Injury victims are entitled to seek compensation when they sustain an injury that is caused by another individual. On the other hand, if the injury victim’s own carelessness was the sole cause of the injury, the victim will probably receive no compensation unless the injury was work-related and covered by workers’ compensation.
The question of compensation becomes complicated when more than one person is at fault. Fault is often shared by the injury victim and by a negligent party. A store that allows merchandise to jut into an aisle from a low shelf is at fault for creating a tripping hazard, but a customer who is texting while walking down the aisle and trips over the merchandise may also be at fault for not paying attention to his or her surroundings.
Comparative Fault Principles
When the accident victim and at least one other party are at fault, most states apply a legal rule known as comparative fault (or comparative negligence). The jury is instructed to compare the fault of the injury victim to the fault of other parties who shared responsibility for the accident. A judge then uses the jury’s determination to decide whether the injury victim is entitled to all, some, or none of the compensation awarded by the jury.
Different states apply various rules when determining comparative fault. Some states will only allow an injury victim to recover compensation if the victim was less than 50% at fault for the accident. A variation of that approach limits recovery to victims who were 50% or less at fault.
Some states only allow injury victims to recover compensation from parties who were more at fault than the victim. For example, if the accident victim was 20% at fault, a second person was 10% at fault, and a third person was 70% at fault, the injury victim will be allowed to recover compensation from the third individual but not from the second.
Other states allow victims to recover compensation from any other party whose negligence contributed to the accident, even if that person was less negligent than the accident victim. Only a few states will not allow the injury victim to recover compensation if the victim had any responsibility for the accident.
States with comparative fault rules usually require compensation awarded to an injury victim to be reduced in proportion to fault. To use a simple example involving two drivers who collided, if the injury victim was 20% at fault, the victim will recover 80% of full compensation for their accident injuries.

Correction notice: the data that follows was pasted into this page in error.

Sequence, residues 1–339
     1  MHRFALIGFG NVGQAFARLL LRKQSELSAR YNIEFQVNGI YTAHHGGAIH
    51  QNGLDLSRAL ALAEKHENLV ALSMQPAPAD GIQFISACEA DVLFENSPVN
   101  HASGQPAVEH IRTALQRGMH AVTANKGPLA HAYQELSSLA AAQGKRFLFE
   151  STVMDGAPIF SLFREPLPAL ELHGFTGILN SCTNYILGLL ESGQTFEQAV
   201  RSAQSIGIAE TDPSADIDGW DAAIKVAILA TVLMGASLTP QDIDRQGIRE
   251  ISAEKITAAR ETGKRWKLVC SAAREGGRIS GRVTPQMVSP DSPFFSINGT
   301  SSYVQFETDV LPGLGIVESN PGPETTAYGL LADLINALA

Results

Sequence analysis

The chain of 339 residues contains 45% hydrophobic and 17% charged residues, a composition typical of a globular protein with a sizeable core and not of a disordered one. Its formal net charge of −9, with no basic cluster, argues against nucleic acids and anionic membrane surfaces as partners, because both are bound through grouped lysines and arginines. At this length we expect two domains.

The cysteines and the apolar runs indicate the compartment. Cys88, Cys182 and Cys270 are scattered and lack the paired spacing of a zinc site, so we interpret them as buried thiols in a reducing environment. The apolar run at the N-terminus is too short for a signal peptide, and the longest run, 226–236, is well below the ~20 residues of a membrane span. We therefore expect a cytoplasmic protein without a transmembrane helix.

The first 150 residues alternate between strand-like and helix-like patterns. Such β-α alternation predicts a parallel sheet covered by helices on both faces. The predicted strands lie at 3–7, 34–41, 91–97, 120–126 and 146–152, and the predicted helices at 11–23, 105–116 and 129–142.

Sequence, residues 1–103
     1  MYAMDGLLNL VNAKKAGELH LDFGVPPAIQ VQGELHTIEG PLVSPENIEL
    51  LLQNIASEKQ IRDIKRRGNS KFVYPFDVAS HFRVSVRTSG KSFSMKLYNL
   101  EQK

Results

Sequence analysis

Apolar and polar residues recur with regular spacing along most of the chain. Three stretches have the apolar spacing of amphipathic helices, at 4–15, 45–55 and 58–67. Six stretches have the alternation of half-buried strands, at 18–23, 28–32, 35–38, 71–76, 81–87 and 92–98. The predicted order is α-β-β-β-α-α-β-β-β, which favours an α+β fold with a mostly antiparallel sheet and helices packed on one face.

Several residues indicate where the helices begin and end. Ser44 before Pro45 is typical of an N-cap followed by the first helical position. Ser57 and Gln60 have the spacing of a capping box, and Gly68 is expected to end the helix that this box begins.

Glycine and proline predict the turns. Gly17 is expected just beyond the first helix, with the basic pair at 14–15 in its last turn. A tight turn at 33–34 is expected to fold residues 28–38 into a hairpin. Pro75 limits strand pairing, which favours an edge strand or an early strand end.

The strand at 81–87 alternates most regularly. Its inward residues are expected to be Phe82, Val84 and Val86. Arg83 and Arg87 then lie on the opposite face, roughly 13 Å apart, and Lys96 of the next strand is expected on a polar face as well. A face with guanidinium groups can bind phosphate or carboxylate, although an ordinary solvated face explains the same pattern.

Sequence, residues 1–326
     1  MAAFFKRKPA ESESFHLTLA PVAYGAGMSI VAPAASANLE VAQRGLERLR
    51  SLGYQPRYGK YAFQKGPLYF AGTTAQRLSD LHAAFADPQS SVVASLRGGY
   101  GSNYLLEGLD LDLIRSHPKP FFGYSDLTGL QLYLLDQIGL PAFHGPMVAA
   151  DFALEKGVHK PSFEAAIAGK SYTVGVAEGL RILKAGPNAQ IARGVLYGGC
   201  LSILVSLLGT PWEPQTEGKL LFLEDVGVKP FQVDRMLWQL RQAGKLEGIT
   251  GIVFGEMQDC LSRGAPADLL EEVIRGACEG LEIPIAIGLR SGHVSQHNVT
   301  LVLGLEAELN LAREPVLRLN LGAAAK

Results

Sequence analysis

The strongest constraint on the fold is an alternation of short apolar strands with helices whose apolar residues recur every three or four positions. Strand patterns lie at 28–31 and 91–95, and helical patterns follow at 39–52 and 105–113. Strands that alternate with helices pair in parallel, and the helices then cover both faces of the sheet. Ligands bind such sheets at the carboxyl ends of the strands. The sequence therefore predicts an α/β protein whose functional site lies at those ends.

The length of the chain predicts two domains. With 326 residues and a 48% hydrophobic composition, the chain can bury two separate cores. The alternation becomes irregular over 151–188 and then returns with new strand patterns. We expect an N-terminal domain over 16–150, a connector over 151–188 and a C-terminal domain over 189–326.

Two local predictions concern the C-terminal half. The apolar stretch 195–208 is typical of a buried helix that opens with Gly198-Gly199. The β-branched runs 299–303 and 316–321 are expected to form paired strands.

Joint liability refers to shared responsibility for compensating an injury victim. While comparative fault rules determine whether an accident victim can recover compensation and, if so, the percentage of full compensation the victim can receive, joint liability determines how the responsibility for paying that compensation should be shared when more than one negligent party caused the victim’s injury.
The traditional joint liability rule allows a victim to recover compensation from any negligent party who is able to pay it. If one party pays full compensation to the injury victim, it is that party’s burden to seek a contribution from the other negligent party.
For example, assume that two negligent parties contributed to the accident victim’s injuries. Let’s say that one party was 20% at fault and the other party was 80% at fault. Under the traditional rule, the victim would be entitled to collect full compensation from the party who was 20% at fault, leaving that party to seek reimbursement for 80% of the compensation from the other party.
Joint liability rules become important when two parties share responsibility for injuring an accident victim, but only one party has adequate insurance. The traditional rule is premised on the idea that it is more fair for an accident victim to recover full compensation from a party who had some responsibility for the accident than to leave the victim with inadequate compensation simply because the party who was more at fault lacks the resources to pay a judgment.
Unfortunately for accident victims, many states have replaced the traditional rule of joint liability with a rule that apportions responsibility for paying compensation according to the parties’ comparative fault. In the example above, the party who was 20% at fault would pay only 20% of full compensation even if the party who was 80% at fault was uninsured and unable to pay anything.
Some states apply the traditional rule to economic damages (such as medical expenses and lost wages) while applying the comparative rule to noneconomic damages (such as pain and suffering). A personal injury lawyer in the state where you were injured can explain how that state’s joint liability rules might affect your ability to obtain compensation for your injuries.